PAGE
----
The politics of a nonprofit workforce
At some point, we all joined the nonprofit sector as a starry-eyed idealist. Take a second now and channel that spirit: you were ready for a change, you were ready for action and you were determined, resourceful and optimistic; and why shouldn't you have been? You were going to change the world. And you did. But somewhere along the way comes that moment of disillusionment where you realize that wonderful intentions don't always equal harmony, much less success. In fact, nonprofit organizations can be just as political (if not more) than their for-profit counterparts. But not unlike their for-profit counterparts, a toxic workplace can still cost time, money and hurt service delivery.
How can that be? How can a group of talented and well-intentioned people, grouped together for a positive purpose, create an environment of discord, frustration or inefficiency? And once that environment is created how can you turn it around?
Before we launch into the symptoms and cures for workplace ills, we realize that it's just not possible to please everyone all the time. Sometimes workplace unhappiness is just going to happen, and it doesn't always signal trouble. Nonprofits are complicated organizations with much at stake, so it would be unreasonable for us to expect complete harmony all of the time. But that being said, widespread and prolonged workplace tension, low morale or high turnover are issues which merit consideration and action.
The good news is that workplace tensions are usually caused by the same culprits, and some of these issues are going to be universal across any industry. The bad news is that the nature of a non-profit sector can amplify some of the more emotional aspects of the workplace. Here are some catch phrases you might hear in an unhappy environment, a little decoding as to their underlying cause and a few possible fixes.
PHRASE: "We're always overworked."
Possible underlying causes: Lack of training/resources. Ambiguity over job descriptions or organizational structure.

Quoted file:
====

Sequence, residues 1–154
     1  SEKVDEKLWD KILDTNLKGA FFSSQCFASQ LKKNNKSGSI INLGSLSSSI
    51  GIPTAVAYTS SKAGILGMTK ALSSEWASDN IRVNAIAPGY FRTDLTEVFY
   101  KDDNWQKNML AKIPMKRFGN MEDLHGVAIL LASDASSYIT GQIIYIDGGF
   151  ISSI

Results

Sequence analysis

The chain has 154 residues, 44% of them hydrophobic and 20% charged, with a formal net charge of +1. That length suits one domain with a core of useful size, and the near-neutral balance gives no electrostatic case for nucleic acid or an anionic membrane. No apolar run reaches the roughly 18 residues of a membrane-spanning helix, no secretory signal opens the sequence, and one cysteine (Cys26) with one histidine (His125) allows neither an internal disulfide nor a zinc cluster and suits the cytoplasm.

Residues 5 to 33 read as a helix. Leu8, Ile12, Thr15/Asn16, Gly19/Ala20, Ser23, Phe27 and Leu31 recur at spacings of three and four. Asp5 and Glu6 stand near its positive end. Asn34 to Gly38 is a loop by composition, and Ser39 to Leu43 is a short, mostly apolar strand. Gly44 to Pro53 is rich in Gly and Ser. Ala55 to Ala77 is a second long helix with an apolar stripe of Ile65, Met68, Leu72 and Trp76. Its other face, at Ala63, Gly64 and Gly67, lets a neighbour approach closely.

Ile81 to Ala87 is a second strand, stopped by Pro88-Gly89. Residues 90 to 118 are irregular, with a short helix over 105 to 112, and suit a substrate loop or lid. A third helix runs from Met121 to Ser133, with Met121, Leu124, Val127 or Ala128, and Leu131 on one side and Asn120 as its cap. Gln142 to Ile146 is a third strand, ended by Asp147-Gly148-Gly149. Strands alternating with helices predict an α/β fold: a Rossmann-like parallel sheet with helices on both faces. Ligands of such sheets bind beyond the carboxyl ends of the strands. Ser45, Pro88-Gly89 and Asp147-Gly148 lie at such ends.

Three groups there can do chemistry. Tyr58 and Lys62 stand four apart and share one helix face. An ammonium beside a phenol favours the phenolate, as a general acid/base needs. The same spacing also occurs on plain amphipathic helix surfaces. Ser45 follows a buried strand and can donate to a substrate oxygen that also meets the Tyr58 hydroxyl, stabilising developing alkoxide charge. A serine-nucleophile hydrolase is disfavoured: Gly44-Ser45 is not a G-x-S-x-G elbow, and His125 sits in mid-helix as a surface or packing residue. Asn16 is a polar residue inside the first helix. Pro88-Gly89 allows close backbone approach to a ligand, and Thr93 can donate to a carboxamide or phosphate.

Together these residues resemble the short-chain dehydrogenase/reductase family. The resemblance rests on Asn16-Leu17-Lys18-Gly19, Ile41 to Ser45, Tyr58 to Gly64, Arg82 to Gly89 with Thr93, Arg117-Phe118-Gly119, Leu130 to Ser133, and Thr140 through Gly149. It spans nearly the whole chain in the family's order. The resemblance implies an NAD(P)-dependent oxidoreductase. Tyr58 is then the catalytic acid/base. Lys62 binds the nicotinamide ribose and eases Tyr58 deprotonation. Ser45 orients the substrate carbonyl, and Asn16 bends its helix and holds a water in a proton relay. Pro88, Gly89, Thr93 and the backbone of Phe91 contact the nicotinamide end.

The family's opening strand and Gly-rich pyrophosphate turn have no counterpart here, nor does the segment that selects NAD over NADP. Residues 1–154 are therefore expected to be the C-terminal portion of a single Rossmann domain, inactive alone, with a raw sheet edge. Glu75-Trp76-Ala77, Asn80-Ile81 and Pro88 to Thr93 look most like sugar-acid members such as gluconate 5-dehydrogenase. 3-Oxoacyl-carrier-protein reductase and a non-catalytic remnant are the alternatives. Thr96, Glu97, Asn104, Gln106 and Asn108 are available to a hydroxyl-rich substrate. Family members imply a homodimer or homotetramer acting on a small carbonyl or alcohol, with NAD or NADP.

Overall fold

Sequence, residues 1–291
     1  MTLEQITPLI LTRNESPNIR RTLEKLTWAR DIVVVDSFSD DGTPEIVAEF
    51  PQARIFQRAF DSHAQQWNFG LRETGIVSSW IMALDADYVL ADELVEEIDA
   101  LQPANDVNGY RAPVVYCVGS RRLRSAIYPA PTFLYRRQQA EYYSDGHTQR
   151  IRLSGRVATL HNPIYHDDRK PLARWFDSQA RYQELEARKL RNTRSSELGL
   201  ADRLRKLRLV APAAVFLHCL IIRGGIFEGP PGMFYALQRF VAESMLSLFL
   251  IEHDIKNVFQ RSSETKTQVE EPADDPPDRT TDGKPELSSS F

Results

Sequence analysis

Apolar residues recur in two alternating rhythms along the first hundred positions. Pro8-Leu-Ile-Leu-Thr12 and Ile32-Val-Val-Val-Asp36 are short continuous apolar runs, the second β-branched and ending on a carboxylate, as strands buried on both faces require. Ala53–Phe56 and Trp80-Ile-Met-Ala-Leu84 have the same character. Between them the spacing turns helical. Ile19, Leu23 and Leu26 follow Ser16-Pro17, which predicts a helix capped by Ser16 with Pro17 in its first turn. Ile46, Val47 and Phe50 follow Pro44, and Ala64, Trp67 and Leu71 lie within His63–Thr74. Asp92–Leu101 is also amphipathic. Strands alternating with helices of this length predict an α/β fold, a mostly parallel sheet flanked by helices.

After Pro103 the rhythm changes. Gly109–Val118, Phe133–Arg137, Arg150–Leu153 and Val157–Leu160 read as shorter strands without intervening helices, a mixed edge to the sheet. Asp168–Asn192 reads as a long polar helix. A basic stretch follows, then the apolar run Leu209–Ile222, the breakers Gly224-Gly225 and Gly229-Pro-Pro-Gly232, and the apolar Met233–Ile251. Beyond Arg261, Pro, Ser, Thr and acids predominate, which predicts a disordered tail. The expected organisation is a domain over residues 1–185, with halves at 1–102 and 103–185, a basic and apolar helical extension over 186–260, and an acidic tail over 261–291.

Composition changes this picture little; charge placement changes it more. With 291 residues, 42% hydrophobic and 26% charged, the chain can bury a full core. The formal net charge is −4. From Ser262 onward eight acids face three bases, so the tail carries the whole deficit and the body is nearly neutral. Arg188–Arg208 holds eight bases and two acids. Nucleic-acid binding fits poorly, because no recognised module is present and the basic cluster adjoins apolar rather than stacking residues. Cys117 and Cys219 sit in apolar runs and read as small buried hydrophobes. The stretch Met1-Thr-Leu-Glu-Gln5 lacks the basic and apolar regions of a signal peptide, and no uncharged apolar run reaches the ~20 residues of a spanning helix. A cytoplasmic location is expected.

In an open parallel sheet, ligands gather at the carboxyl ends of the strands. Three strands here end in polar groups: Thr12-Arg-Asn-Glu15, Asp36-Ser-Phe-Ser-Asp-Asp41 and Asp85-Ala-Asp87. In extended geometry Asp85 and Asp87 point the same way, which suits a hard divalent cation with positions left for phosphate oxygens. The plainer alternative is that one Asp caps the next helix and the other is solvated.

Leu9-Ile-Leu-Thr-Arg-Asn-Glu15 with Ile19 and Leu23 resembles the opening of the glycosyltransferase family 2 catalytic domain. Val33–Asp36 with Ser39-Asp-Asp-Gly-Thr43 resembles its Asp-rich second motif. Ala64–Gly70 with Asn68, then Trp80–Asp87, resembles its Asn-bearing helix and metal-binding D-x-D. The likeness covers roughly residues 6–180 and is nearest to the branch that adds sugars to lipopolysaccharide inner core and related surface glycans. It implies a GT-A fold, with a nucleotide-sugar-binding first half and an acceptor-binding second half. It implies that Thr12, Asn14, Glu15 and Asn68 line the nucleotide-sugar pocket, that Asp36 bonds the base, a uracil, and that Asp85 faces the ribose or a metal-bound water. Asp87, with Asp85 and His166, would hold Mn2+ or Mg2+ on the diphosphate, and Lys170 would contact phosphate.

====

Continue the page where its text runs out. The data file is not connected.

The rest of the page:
When staff chronically complains about being overworked, it can signal more than just the demands of the job, it can signal a lack of understanding about the job itself or the resources that are needed to make the job manageable. Take stock of current job descriptions and compare to how it actually measures the job itself. Take into consideration leadership structure and reporting requirements.
PHRASE: "Our concerns never get addressed."
Possible underlying causes: Lack of transparency/communication.
Executives love to use the term "Open Door Policy" but it doesn't always materialize. If staff is complaining about their concerns not being addressed, some further investigation needs to take place about the forums available for staff to communicate issues and common resolution tactics.
PHRASE: "Everyone is afraid of getting fired."
Possible underlying causes: Hostile leadership. Lack of transparency/communication. Chronic budget constraints.
This is a big one, and its pretty common in the nonprofit sector. Between management turnover, closed-door meetings and constant talk about "the budget," nonprofits can feel unstable for staff who aren't in the know. Its uncomfortable, to say the least, and it doesn't exactly inspire passion or performance. Consider staff retreats, open meetings on the budget and even bringing in Board motions in staff meetings. The staff doesn't need to be bothered with every minute challenge that management is working with, but they should feel like management is working FOR them, not against them.
PHRASE: "Joe does more than Jane, why doesn't Joe have Jane's job?"
Possible underlying causes: Lack of accountability and transparency.
A few things can be going on when staff start measuring each other's performance: either there is a lack of understanding about everyone's job, there is some overlap in the organizational structure, or there is a failure in accountability. It's worth going through everyone's job descriptions yearly and asking staff to self-report on how they spend their time. It's also worth a conversation: How does it affect morale, productivity or culture when individuals are seen as non-contributors. Also, is this feeling creating a culture of gossip and distrust?
PHRASE: "We never have any money for anything."
Possible underlying causes: Leadership needs to focus operations and providing adequate resources for their staff.
We're in the nonprofit sector, and every penny that's saved is another penny that goes to the program, right? But when you're cutting corners on things like working computer hardware, phones, or office essentials, you're hurting your program performance. Not only does old equipment hinder efficiency, it also hurts morale. If the perception is that you are so tight on funds that you cannot afford a working keyboard, it's not exactly inspiring hope on raised salaries or reduced furloughs.
PHRASE: "This is my program - If it ain't broke, don't fix it."
Possible underlying causes: Leadership not keeping their staff in check.
Ownership is good, usually. When staff feel ownership in the program or project they are likely to be more passionate, more innovative and more committed to the program and the agency. But there's another side to ownership, and it can mean that staff is resistant to outcome measures, trainings or improvements to the program. Having autonomous staff is a wonderful advantage for you, but it can also put you in a lurch if you really need to make program improvements or if staff decides to move on. Even if everything is going perfectly, its good to have continual management monitoring and input on the program.